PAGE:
Interview with Robert Joseph Geraldie

What made you think of the Story?
I was on a plane, and the news at the time reported the rumblings of discontent in the Middle East and North Africa. It was clear that the ‘demand for democracy' chanted by protesters across the Arab world was a seismic threat to the neo-sultanic kleptocrats, who would hide their nations wealth deeper in the financial system. As the revolts evolved into revolutions that is exactly what happened. Dictators stashed billions into shady shell companies on hand-shake deals, actively facilitated by their bankers seated in Wall Street, the City of London, Singapore, Zurich and other trading centres.

Short Sold is a fictionalised account of one such London banker, and I wanted to tell the story from the banker’s perspective. I wanted to tell the story of the psychology of some bankers when inordinate wealth becomes loose.
You mentioned the psychology of bankers, can you extrapolate further
From the outside looking in, the bankers appear out of control. That was the core reason for the global protests targeting bankers, with the largest backlash being the Occupy Wall Street movement. But that is not true. The truth runs far deeper.

The bankers are only behaving as demanded by financial markets, which is neither unethical nor immoral – but amoral – a financial market has no conscience. Financiers behave exactly as any normal person would when their sole objective is to maximise profits, and those profits drive the functioning of nations.

Short Sold explores this considerably as a sub-plot, with each character rationalising their ‘citizenship’ to the financial market in their own unique way, or not.
In Short Sold, you mentioned the geopolitical shift towards the market-state. What do you mean by this?
In short, national governments are transitioning from democracies to market-states, and with the transition to a new political agenda, comes tremendous challenges to what those living to democratic ideals consider acceptable. We live in a world where the CEO of a multinational corporation has more power than Barak Obama does, and the hippies of the 1960’s grew into the most consumerist generation ever. Many recognise the transition, few acknowledge it, and even fewer understand what it means.

The Arab Spring provided the perfect platform to demonstrate the consequences of this clash. The peoples of the Arab world demanded democracy, but the West had transitioned to a market-state. So what is the outcome of this encounter? The leaked Hilary Clinton emails provided a glimpse into the outcome, with Colonel Gaddafi’s plan to establish the Libyan gold dinar for the sale of oil, challenging the supremacy of the dollar and the euro was a stronger cause for war than a forthcoming massacre in Benghazi.

The lead character in Short Sold, Jonathan Penney, is a citizen of the market-state, and the rules of this world are very different from what ‘the 99%’ would consider acceptable. His actions are consistent with that of a market-state ‘citizen’.
I read Short Sold and found it humorous, and at times satirical.
I didn’t want to tackle a serious subject seriously. I certainly had fun and played with my characters.

Nevertheless, the novel explores the mindset of those that understand that majority rule no longer governs nations. The novel poses questions, but not answers, allowing the reader to conclude their own truth. For as in life, there are no truths, only perceptions, biases and opinions. I crafted Short Sold to mean different things to different people, from a satire to a mirror on reality.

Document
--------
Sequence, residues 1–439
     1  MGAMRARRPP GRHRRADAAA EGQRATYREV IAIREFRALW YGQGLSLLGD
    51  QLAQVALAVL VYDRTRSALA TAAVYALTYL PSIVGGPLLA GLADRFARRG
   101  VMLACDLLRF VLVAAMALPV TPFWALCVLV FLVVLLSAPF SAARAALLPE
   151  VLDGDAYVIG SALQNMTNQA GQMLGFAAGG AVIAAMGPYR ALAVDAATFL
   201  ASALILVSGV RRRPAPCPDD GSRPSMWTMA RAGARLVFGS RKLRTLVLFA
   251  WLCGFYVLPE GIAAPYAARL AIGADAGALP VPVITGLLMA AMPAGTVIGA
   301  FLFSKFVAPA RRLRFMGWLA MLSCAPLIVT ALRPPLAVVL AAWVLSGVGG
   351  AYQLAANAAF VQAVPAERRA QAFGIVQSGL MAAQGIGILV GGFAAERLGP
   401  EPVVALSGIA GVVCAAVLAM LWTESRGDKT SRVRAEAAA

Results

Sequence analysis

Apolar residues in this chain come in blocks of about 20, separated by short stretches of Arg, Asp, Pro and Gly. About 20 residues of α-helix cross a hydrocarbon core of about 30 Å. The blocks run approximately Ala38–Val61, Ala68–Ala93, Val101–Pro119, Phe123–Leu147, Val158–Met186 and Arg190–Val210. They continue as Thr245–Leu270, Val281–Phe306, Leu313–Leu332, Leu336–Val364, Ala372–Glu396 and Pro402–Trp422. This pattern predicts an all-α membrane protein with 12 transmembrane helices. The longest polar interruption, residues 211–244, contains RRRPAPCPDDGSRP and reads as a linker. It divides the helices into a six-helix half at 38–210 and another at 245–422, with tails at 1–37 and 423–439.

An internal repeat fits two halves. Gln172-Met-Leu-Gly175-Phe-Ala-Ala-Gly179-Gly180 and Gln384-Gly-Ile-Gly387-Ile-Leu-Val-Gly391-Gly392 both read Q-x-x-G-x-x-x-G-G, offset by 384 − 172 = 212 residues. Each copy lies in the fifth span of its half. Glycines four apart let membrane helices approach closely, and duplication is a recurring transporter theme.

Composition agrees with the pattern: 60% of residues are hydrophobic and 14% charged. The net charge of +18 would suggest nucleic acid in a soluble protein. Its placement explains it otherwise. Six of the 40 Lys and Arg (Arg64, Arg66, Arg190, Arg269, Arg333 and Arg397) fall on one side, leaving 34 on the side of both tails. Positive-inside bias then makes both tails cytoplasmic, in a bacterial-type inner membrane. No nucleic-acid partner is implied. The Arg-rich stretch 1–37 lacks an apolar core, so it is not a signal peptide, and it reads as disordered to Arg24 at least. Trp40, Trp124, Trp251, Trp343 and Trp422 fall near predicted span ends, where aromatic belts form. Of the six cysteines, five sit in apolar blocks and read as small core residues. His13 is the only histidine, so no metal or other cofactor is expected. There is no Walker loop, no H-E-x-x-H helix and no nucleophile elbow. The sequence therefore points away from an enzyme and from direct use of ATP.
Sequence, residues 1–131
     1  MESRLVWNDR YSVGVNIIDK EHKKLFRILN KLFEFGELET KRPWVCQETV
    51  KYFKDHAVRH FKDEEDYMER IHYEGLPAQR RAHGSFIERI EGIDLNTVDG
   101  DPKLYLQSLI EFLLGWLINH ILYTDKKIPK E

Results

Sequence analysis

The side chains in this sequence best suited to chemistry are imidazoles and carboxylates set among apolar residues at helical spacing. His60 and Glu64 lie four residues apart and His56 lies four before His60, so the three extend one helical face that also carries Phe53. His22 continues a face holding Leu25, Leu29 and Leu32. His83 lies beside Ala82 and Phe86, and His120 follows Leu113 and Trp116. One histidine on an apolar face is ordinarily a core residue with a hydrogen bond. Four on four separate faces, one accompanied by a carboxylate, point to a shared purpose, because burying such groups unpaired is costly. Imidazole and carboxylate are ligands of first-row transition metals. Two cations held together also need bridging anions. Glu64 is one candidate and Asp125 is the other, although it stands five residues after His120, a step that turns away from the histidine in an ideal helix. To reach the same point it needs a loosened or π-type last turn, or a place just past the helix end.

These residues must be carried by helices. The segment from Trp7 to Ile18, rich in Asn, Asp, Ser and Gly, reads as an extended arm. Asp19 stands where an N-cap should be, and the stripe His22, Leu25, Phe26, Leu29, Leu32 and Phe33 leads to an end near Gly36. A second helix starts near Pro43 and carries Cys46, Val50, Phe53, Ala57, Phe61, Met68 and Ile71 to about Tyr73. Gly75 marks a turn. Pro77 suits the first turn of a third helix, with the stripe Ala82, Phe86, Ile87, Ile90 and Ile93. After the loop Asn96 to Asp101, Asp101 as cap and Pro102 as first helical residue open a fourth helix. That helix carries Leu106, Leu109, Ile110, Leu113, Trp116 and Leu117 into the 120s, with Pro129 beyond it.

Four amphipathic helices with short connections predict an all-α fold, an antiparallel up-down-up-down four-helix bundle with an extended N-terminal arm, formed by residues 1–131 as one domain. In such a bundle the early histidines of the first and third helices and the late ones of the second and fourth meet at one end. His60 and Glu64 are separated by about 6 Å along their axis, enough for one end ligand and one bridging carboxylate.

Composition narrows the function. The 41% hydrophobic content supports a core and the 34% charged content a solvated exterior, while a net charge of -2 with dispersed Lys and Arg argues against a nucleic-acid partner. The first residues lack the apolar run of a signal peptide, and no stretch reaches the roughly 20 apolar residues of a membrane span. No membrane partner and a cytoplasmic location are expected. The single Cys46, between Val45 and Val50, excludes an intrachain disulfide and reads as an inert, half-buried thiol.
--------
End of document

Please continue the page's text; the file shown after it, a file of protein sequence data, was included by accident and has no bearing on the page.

And you also managed to tie the plot into the narrative of quite an exciting and fast paced thriller.
I’m reluctant to call Short Sold a thriller, as I’m also reluctant to call it a crime novel. It doesn’t fit comfortably into any single genre, as it successfully draws in elements of various styles to create a unique read.

Although I have to say that with the culmination of multiple plots leading to a singular crescendo, Short Sold is certainly a racy page-turner.
Your lead character Jonathan Penney, I don’t like him one bit, he’s a brute. Yet, I couldn’t get enough of him. He’s alluring. You managed such a complex character well.
Thank you. I wanted to create Jonathan Penney to be the risque playboy in the room that everyone talks about, but nobody can keep their eyes off. He is a bit bondesque, similar to Fleming's’ original Bond, but absolutely nothing like the film adaptation. Penney’s deceptive charm and mystique attracts ladies like a tractor beam, whereas his dominance and strength draw in gentlemen envious of his success. Penney is a man of elegance and charm, but deeply flawed. Not so much due to deficiencies within his character, but due to the conflict arising from is citizenship to the market.

These characteristics of Penney allowed the perfect interplay to evolve the other characters, which – without giving away the plot – either escape the avarice of the world of high finance or spiral into the vortex of extreme greed.
Will we hear more from Jonathan Penney in the future?
Anything is on the cards.
Finally, what do you hope the reader gets from Short Sold?
If there were one thing that I hope everyone gets from the novel, it would be pleasure from a story cast from the mould of authenticity.
Published 2016-10-17.
Smashwords Interviews are created by the profiled author, publisher or reader.

Books by This Author

Short Sold (The Arab Heist)
Price: $1.99 USD. Words: 176,520. Language: Commonwealth English. Published: October 17, 2016. Categories: Fiction » Thriller & suspense » Action & suspense, Fiction » Themes & motifs » Political
What Happened to Colonel Gaddafi's Billions? Set in the backdrop of the Libyan Civil War, Short Sold is a novel drawn from real events about a London banker who cannot believe his good fortune at the fall of the Gaddafi regime.